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Graduate students celebrate science communication with latest issue of Current Tides

Posted by The Faculty of Science on January 15, 2016 in Students, Research, All News
An ocean instrumentation system on Advocate Beach is featured as the cover photo for this year's edition of Current Tides. (David Barclay photo)
An ocean instrumentation system on Advocate Beach is featured as the cover photo for this year's edition of Current Tides. (David Barclay photo)


The second edition of Current Tides is hot off the press. The 36-page magazine, which was written and edited entirely by Dalhousie graduate students, showcases some of the ongoing research in the Department of Oceanography. The magazine comprises eight articles that summarize cutting-edge science from each of the four sub-disciplines of oceanography: geological, physical, chemical and biological.

“This isn’t your typical peer reviewed scientific journal,” explains Justine McMillan, a PhD student and this year’s editor-in-chief of the magazine. “Instead, the articles are written in a style that emulates ‘popular science’ magazines like National Geographic.”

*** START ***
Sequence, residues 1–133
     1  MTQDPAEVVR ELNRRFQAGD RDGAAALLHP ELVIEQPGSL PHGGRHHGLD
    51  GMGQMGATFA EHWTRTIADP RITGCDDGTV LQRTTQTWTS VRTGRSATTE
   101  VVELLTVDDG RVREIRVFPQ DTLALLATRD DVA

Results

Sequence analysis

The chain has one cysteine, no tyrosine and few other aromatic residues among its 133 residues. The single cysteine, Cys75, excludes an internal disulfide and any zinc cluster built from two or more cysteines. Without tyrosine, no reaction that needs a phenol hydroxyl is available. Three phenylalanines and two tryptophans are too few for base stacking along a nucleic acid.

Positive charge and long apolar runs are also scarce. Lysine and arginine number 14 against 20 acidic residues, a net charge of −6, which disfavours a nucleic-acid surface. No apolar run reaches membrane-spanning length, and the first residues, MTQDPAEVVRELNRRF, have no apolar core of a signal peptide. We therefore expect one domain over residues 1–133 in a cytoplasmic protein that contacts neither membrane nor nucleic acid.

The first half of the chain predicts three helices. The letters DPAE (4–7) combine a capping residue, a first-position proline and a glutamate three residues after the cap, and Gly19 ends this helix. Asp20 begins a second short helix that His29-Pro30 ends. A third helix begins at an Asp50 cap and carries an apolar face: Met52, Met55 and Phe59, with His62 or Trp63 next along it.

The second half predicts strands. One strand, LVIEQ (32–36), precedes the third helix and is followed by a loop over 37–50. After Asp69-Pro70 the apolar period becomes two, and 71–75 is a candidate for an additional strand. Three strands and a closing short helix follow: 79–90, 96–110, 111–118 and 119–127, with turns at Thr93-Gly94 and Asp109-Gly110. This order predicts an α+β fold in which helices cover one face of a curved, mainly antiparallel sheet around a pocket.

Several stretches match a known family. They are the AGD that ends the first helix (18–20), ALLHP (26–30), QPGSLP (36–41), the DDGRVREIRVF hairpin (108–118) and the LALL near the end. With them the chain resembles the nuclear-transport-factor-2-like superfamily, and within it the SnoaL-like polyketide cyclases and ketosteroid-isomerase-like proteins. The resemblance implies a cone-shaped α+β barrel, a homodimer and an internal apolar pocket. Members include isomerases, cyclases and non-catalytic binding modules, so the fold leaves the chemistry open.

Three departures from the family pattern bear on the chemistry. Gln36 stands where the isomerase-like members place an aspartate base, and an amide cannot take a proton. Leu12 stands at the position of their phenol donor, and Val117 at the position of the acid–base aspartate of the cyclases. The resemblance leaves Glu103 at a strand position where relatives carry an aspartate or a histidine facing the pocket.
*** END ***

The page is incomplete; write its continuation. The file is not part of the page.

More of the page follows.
The text is supported by plenty of vibrant illustrations and pictures that make the content accessible to a broad audience, ranging from high-school students to graduate students, and from the informed public to research scientists.

This year's edition of Current Tides contains articles on topics that range from the classification of whales using underwater microphones to the use of a remotely operated vehicle to study deep sea corals. The articles also describe several ways in which oceanographers collect data: by going on research cruises, SCUBA diving in zero degree water and conducting seemingly endless experiments in a lab. The most significant findings of major research projects are emphasized, however, fundamental scientific concepts are also explained, including the debunking of the myth that toilets flush in the opposite direction south of the equator.

While the primary objective of Current Tides is to make oceanographic research more accessible to a variety of readers, the production of the magazine also allows the authors to improve their communication skills. The ability to explain complex ideas to a broad audience of non-experts is crucial when trying to emphasize the importance of scientific findings.

The magazine could not have been produced without the expertise of graphic designer James Gaudet of Tandem Creative or the financial support provided by the Department of Oceanography, the Faculty of Graduate Studies, the Dalhousie Student Union and the Marine Environmental Observation Prediction and Response Network (MEOPAR).

A digital copy of Current Tides can be obtained by visiting currenttides.ocean.dal.ca. A hard copy can be acquired by contacting Justine McMillan (justine.mcmillan@dal.ca).